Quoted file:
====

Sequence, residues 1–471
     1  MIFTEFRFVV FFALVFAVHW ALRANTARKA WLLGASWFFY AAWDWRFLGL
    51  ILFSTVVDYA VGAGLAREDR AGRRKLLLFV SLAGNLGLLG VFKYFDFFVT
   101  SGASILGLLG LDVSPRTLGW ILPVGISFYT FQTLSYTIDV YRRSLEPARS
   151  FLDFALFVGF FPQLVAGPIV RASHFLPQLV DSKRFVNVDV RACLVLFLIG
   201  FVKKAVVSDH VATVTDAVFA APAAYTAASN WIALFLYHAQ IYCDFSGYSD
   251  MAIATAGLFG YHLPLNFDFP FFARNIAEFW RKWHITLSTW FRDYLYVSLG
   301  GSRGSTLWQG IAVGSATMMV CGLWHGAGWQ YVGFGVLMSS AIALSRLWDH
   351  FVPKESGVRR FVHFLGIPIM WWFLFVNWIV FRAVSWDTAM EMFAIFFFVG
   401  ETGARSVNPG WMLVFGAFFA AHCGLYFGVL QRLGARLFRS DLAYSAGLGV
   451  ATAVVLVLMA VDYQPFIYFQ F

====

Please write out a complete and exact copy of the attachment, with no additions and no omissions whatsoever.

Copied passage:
Sequence, residues 1–471
     1  MIFTEFRFVV FFALVFAVHW ALRANTARKA WLLGASWFFY AAWDWRFLGL
    51  ILFSTVVDYA VGAGLAREDR AGRRKLLLFV SLAGNLGLLG VFKYFDFFVT
   101  SGASILGLLG LDVSPRTLGW ILPVGISFYT FQTLSYTIDV YRRSLEPARS
   151  FLDFALFVGF FPQLVAGPIV RASHFLPQLV DSKRFVNVDV RACLVLFLIG
   201  FVKKAVVSDH VATVTDAVFA APAAYTAASN WIALFLYHAQ IYCDFSGYSD
   251  MAIATAGLFG YHLPLNFDFP FFARNIAEFW RKWHITLSTW FRDYLYVSLG
   301  GSRGSTLWQG IAVGSATMMV CGLWHGAGWQ YVGFGVLMSS AIALSRLWDH
   351  FVPKESGVRR FVHFLGIPIM WWFLFVNWIV FRAVSWDTAM EMFAIFFFVG
   401  ETGARSVNPG WMLVFGAFFA AHCGLYFGVL QRLGARLFRS DLAYSAGLGV
   451  ATAVVLVLMA VDYQPFIYFQ F